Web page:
Cullen Montgomery Baker was born in Weakley County, Tennessee, probably on June 22, 1835. The family moved to Cass County in northeast Texas in 1839. Cullen grew up to became a hard drinker, quarrelsome and mean-spirited tough, but managed to marry Mary Jane Petty on January 11, 1854. Just nine months later he killed his first man. Baker spent considerable time hiding out at his uncle’s farm in Perry County, Arkansas. After Mary Jane died on July 2, 1860, and Baker had murdered a man in that state, he returned to Texas. The Civil War allowed him to escape justice yet again.
Baker joined the Confederate army on November 4, 1861, at Jefferson but quickly deserted. On February 22, 1862, he joined Company I of the Fifteenth Texas Cavalry at Linden but remained behind when the regiment marched through Arkansas that summer, discharged due to illness. He felt healthy enough to marry Martha Foster on July 1, 1862.
Free from the rules of the regular army, Baker apparently turned to guerrilla activity in Arkansas, but he was in reality a simple brigand, preying upon everybody, regardless of wartime sympathies. When peace returned, Baker and his wife briefly settled in Cass County, where Baker attempted to earn a living in the ferry business. Martha died on March 1, 1866, and, by most accounts, her death deeply depressed Baker; nevertheless, he proposed to her sister, Belle Foster, two months later.
But Belle married Thomas Orr, a schoolteacher and later a prominent community activist and politician, and he and Baker became bitter enemies. Somewhat later, the Union Army and the Freedmen’s Bureau came to the area, and Baker focused his attention upon harassing and killing employees of the bureau and their clients. In December 1867 Baker also wrought havoc upon Howell Smith’s family because of their alleged “unorthodox” relations with the black laborers they employed. He was wounded, but the local citizenry and the army failed to capture him. Baker returned to the Reconstruction scene again in mid-1868 as the leader of various outcasts and killers. He and his group are credited with murdering two Freedmen’s Bureau agents, one in Texas and another in Arkansas, and numerous black men and women, all the time eluding the army.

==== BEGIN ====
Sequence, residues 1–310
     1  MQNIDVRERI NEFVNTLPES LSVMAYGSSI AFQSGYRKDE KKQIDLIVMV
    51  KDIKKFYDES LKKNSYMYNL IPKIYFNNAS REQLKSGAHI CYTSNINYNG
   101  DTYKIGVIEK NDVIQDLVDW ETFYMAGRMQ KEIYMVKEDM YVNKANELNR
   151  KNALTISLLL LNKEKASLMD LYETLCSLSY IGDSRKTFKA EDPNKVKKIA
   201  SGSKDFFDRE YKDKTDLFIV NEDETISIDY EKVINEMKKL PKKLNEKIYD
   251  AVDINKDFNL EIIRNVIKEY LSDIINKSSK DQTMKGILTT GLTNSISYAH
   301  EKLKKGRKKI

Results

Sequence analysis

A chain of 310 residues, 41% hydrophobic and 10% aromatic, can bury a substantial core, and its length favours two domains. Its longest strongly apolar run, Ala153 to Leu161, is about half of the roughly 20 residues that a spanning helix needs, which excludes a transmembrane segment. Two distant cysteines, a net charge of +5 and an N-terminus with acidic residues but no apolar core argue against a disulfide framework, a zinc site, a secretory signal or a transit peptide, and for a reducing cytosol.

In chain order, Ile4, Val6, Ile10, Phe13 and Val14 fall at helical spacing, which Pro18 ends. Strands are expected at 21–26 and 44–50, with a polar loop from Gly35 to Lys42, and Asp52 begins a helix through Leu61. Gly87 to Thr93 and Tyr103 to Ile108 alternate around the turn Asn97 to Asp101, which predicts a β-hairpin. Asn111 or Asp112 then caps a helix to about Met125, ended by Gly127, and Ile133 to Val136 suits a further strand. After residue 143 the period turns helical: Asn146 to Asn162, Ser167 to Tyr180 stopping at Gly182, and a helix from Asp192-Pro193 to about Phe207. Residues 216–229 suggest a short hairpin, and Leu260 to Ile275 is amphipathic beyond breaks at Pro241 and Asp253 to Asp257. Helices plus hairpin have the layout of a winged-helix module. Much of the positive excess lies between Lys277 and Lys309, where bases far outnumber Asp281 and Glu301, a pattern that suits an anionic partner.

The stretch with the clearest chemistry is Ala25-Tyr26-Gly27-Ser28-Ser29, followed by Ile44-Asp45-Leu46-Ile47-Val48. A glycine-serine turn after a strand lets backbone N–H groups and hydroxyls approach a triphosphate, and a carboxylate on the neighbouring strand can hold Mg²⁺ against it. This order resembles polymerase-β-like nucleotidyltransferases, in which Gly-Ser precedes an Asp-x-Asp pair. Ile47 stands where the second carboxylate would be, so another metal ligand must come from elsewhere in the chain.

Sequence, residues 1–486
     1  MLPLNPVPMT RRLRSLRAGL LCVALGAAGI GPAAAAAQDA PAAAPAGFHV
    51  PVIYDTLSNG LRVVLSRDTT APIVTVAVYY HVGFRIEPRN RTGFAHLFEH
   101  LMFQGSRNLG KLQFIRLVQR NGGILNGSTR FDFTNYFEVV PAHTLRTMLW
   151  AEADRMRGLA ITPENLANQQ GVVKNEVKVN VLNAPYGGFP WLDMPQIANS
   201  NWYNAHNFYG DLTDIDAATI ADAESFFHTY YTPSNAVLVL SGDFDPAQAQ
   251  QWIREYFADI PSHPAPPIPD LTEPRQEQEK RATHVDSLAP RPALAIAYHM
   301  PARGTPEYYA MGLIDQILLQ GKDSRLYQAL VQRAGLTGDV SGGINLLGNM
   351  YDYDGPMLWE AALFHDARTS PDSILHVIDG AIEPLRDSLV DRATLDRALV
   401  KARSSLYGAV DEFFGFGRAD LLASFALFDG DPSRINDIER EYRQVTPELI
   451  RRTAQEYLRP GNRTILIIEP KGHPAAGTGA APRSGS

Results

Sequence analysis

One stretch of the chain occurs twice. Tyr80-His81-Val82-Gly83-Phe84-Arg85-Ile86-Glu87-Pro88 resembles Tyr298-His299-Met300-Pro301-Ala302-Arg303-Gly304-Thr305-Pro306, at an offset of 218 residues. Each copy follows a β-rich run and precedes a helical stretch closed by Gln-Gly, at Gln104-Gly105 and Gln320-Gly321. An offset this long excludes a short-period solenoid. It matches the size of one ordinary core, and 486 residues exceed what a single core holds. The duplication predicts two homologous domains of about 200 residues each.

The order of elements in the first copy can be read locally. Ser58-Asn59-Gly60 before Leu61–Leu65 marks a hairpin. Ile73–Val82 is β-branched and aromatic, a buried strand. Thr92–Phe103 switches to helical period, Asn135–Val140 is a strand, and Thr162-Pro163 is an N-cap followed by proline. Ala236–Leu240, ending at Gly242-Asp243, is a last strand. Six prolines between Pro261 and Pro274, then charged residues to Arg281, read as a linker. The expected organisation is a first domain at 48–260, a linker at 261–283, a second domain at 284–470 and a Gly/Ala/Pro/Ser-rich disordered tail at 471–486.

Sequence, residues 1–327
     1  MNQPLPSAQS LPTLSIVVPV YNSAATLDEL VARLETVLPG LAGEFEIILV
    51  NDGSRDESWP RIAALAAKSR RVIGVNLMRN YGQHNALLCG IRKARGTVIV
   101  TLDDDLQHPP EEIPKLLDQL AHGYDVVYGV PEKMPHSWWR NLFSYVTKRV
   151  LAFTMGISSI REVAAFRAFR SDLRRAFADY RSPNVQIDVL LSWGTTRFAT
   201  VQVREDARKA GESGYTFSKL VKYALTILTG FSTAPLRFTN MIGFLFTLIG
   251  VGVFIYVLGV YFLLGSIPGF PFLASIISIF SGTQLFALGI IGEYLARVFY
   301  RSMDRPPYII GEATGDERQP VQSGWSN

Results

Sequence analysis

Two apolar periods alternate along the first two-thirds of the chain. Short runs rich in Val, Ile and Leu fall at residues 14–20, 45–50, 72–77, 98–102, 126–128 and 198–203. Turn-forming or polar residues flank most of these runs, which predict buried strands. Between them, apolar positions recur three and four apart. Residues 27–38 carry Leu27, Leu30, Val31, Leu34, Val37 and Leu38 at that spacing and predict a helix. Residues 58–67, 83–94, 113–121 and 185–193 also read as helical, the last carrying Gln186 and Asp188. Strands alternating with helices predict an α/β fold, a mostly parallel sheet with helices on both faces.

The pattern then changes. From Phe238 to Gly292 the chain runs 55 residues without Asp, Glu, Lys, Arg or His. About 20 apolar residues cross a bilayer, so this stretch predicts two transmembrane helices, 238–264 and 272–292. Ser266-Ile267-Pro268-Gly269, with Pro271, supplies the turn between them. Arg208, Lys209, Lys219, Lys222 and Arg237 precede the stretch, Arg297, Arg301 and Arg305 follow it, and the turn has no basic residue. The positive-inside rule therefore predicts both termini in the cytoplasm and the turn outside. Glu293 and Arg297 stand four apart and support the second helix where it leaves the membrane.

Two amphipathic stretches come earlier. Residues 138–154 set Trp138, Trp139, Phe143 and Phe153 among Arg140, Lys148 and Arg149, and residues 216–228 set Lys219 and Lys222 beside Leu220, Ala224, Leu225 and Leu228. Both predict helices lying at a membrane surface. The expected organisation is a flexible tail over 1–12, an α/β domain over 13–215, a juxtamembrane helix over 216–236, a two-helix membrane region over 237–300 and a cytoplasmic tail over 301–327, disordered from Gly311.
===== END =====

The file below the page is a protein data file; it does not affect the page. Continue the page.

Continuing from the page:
When his gang disbanded in December 1868, Baker returned to his home in Cass County. There a small group of neighbors led by Orr, whom Baker had earlier attempted to hang, killed the 34 year-old desperado and a companion on January 6, 1869. Legend has it that the whiskey Baker drank was laced with strychnine. Orr collected some of the reward offered for Baker.
Baker may have had links with the Ku Klux Klan. Although he began his killing long before that organization appeared, he abetted the Klan’s rise to prominence. As an obstacle to federal Reconstruction, he became notorious in the Southwest and even drew the notice of the New York Tribune. He received the nickname “Swamp Fox of the Sulphur” because of the area where he grew to manhood. Although he was not the legendary quick-draw artist some have maintained, writers have made much of Baker’s prowess with a six-gun, his harassment of the United States Army, and his defense of “Southern honor” during and after the Civil War. Others see him as a mean, spiteful, alcoholic murderer.